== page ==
Shadows of Love. London, John Gresham, 1966.

Novels as Tom Curtis
Bandit Gold. London, Stanley Paul & Co., 1953.
Gunman's Glory. London, Stanley Paul & Co., 1954.
Trail End. London, Stanley Paul & Co., 1954.
Frontier Mission. London, Stanley Paul & Co., 1955.
Border Justice. London, Stanley Paul & Co., 1955.
Ride and Seek. London, Stanley Paul & Co., 1957.
Phantom Marshal. London, John Long, 1957.
Gun Business. London, John Long, 1958.
Lone Star Law. London, John Long, 1959.

Novels as Penn Dower (series: Brett Malone)
Long Star Ranger. London, John Long, 1952.
Bret Malone, Texas Marshal (Malone). London, John Long, 1953.
Gunsmoke Over Alba. London, John Long, 1953.
Texas Stranger. London, John Long, 1954.
Indian Moon. London, John Long, 1954.
Malone Rides In (Malone). London, John Long, 1955.
Two-Gun Marshal. London, John Long, 1956.
Desperate Venture. London, John Long, 1956.
Guns in Vengeance. London, John Long, 1957.
Frontier Marshal. London, John Long, 1958.
Bandit Brothers. London, Four Square Books, 1964.

Novels as Helen Howard
Poisoned Love. London, John Gresham, 1960.
Ladder of Love. London, John Gresham, 1966.

Novels as Marilyn Pender
The Devouring Flame. London, John Gresham, 1960.
A Question of Loyalty. London, John Gresham, 1961.
The Golden Vision. London, John Gresham, 1962.
Rebel Nurse. London, John Gresham, 1962.
Dangerous Love. London, John Gresham, 1966.

Novels as Jacques Pendower (series: Slade McGinty)
Hunted Woman. London & Melbourne, Ward, Lock & Co., 1955.
The Dark Avenue. London & Melbourne, Ward, Lock & Co., 1955.
Mission in Tunis. London, Robert Hale, 1958; New York, Paperback Library, 1967.
The Long Shadow. London, Robert Hale, 1959.
Double Diamond. London, Robert Hale, 1959.
Anxious Lady. London, Robert Hale, 1960.
The Widow from Spain. London, Robert Hale, 1961; as Betrayed, New York, Paperback Library, 1967.
Death on the Moor. London, Robert Hale, 1962.
The Perfect Wife (McGinty). London, Robert Hale, 1962.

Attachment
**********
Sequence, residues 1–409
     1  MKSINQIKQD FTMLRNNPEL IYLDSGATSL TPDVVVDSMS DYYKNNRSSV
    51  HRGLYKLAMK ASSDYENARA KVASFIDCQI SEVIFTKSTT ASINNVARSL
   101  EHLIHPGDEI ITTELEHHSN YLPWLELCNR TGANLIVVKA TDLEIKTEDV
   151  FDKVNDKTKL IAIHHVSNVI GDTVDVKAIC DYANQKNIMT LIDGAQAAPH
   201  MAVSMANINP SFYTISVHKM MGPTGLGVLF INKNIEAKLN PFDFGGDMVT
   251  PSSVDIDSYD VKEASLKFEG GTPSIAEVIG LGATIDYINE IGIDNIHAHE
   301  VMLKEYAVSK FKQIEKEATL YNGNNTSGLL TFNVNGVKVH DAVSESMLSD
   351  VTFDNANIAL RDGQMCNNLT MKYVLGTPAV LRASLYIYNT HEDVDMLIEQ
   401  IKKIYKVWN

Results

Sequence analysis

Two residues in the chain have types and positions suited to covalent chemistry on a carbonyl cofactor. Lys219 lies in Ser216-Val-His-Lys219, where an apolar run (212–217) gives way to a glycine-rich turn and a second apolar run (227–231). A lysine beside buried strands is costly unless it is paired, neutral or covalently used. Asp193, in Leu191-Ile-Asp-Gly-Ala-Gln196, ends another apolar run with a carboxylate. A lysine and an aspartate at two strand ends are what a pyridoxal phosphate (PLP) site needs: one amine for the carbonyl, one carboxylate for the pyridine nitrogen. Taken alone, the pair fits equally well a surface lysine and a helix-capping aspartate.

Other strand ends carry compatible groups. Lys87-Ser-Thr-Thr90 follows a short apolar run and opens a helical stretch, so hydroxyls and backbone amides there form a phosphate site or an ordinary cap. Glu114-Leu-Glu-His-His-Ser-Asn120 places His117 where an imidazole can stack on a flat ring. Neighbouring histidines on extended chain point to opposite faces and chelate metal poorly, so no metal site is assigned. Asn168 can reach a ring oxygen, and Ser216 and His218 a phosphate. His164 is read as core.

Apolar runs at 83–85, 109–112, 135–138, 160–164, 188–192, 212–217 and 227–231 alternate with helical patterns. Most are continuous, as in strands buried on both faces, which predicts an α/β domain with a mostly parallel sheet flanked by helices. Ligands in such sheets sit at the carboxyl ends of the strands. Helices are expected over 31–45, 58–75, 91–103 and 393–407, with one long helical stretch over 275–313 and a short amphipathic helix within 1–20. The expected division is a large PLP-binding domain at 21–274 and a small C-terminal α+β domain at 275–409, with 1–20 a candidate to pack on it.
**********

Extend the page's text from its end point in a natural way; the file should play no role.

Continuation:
Operation Carlo (McGinty). London, Robert Hale, 1963.
Sinister Talent (McGinty). London, Robert Hale, 1964.
Master Spy (McGinty). London, Robert Hale, 1964.
Spy Business. London, Robert Hale, 1965.
Out of This World. London, Hale, 1966.
Traitor's Island (McGinty). London, Hale, 1967.
Try Anything Once. London, Hale, 1967.
A Trap for Fools. London, Robert Hale, 1968.
The Golden Statuette. London, Hale, 1969.
Diamonds for Danger. London, Hale, 1970.
She Came by Night. London, Hale, 1971.
Cause for Alarm. London, Hale, 1971.
Date with Fear. London, Hale, 1974.

Novels as Anne Penn
Dangerous Delusion. London, John Gresham, 1960.
Prove Your Love. London, John Gresham, 1961.
Mystery Patient. London, John Gresham, 1966.

Novels as James Stagg [revised by James Stagg]
Panic in the Night. London, Amalgamated Press (SBL 3/377), Mar 1957.

Collections published anonymously
Note: Jacobs was reputedly the primary author of the Dixon Hawke Casebook but it is certain that other authors contributed stories.
Dixon Hawke Casebook. Dundee, D. C. Thomson, 20 vols., 1938-52.

Cavalcade of Murder. London, Stanley Paul & Co., 1955.
Pageant of Murder. London, Stanley Paul & Co., 1956.
Aspects of Murder. London, Stanley Paul & Co., 1956.

Radio Plays
The Grensen Murder Case (BBC).

1 comment:

  1. Thank you for your work. Tried to find out more on this fascinating prolific writer. This is all there is out in cyberspace